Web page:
Friday, May 16, 2008

Silly American news! What are you thinking?

Chuck D, the legendary lyricist and front man for the greatest rap group of all time, Public Enemy, once said that rap music was "CNN for black people". And at the time, he was right. The only way the black people of say, South Central L.A., could learn about what was happening in their neighbourhoods was to listen to rap music. CNN didn't (and of course still doesn't) report on that stuff. And rap music provided not only the news but a commentary on the situation as well. Times have changed, at least a little. I was watching CNN yesterday and I realized that what is happening now is that CNN has become rap music for white people. The ridiculously-named Wolf Blitzer and his equally-hilariously-named program, The Situation Room, were on. Wolf Blitzer? Isn't that the white-news-guy equivalent of naming yourself Pimp C or Flava Fresh Dogg or some such thing? And The Situation Room? The white-news-guy equivalent of Da Lench Mob, or G-Unit? I think so. Then there's the CNN scrolling graphics and punchy headlines and flashy imaging. How very rap-video. And how very exciting. It makes me smile.

This made me cringe. I picked up a copy of Newsweek, and I started reading through. There were several columnists talking about Barack Obama, and how he has lost his way during his campaign a little, and appears to be elitist, and should have done this or that differently. And the very first article in the section was a column with advice to Obama, on how to fix his campaign heding into the general election. And it was written by...are you ready for this? Karl Rove! Karl Rove, who in this column is advising Obama to back off on the attack stuff he's been doing? What attack stuff, you say? Yes, hmmm. But how can anyone take this seriously? Karl Rove. Karl, "swift boat" Rove, telling a Democrat, any Democrat, but especially a very left-leaning one, to lay off on the attack ads. Now, Rove has become something of a media omnipresence since leaving Bush's inner sanctum, appearing regularly as an analyst on that bastion of Fair And Balanced, Fox News, and contributing columns to Newsweek. But how can that magazine, in good conscience, even print this? How can you maintain the appearance of real journalism when you're allowing something like this to appear in your magazine? Or is that just America?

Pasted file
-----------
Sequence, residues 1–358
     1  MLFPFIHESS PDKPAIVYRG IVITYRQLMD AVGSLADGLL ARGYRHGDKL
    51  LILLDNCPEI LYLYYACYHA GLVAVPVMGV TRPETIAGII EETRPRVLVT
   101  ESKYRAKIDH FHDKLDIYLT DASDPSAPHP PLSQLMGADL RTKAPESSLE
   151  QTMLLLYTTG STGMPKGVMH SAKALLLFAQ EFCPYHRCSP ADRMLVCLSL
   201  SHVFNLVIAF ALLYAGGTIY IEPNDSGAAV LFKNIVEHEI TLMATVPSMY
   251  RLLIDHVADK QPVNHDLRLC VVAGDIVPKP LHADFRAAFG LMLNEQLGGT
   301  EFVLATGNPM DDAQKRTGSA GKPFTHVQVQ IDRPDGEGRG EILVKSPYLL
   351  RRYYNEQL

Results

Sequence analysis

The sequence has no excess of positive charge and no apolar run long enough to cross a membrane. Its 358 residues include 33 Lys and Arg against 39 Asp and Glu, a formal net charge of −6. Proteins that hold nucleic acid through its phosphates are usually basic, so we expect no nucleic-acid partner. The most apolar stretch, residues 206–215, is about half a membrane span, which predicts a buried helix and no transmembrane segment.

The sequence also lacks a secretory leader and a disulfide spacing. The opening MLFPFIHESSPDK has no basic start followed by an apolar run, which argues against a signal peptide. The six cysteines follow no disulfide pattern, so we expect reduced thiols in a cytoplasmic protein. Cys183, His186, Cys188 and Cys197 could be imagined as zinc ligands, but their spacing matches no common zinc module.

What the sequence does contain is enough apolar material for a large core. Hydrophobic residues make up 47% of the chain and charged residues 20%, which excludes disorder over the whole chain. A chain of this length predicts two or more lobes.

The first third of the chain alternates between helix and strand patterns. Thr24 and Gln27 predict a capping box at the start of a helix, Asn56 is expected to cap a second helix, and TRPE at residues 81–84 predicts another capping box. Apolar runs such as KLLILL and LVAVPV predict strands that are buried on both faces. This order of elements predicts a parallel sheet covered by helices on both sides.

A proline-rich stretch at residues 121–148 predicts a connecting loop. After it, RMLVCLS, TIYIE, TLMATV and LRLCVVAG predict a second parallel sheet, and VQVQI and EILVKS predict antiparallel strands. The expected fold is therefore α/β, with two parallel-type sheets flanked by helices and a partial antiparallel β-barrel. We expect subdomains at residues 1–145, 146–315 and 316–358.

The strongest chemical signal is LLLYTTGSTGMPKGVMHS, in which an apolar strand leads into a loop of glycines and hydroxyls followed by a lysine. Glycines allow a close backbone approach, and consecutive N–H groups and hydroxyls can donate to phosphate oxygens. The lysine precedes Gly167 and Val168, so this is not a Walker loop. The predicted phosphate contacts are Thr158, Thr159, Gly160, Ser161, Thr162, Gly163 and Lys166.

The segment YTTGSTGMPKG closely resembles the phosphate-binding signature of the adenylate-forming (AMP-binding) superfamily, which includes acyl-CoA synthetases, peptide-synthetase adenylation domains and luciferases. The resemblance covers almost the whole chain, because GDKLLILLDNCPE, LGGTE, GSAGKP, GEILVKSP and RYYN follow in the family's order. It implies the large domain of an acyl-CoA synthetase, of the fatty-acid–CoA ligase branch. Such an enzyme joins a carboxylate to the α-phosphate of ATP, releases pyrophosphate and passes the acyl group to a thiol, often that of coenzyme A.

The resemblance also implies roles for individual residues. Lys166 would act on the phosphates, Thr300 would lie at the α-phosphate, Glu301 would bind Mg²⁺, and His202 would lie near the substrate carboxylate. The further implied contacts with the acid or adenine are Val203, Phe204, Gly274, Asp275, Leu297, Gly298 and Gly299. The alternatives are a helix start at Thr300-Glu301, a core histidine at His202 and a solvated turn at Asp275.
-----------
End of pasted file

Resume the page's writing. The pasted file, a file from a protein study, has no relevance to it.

Thursday, May 15, 2008

Oh where, oh where has my little dog gone?

Yesterday, while pooping in the backyard, Muffin apparently began to yearn for the wide open spaces beyond the backyard fence. No longer content to bite the tulips in the garden or chase the bees that pollenate those tulips, she decided to move on to more interesting flowers and insects, in the front yard and all the way across the street. I have no way of knowing whether she felt it was rewarding once she reached the other side of the fence, whether the daffodils in the front yard were more delicious than the tulips in the back, or whether the earwigs make for better chasin' than the bees. She wouldn't tell me. But I did discover, later on, how she managed to effect her escape. Once I had her safely back in the backyard, I saw her, once again, make a break for the quasi-freedom of the front yard and the telephone pole that seems to be a major attraction out there. She (being six inches high) managed to squeeze her body through a three-inch space under the gate at the front of the yard. Like a tiny doggy-limbo contest. I let her get through before I went after her this time, because I felt that startling her in the middle of such a difficult manoeuver could lead to her being seriously injured in some way. An impressive feat, I must say.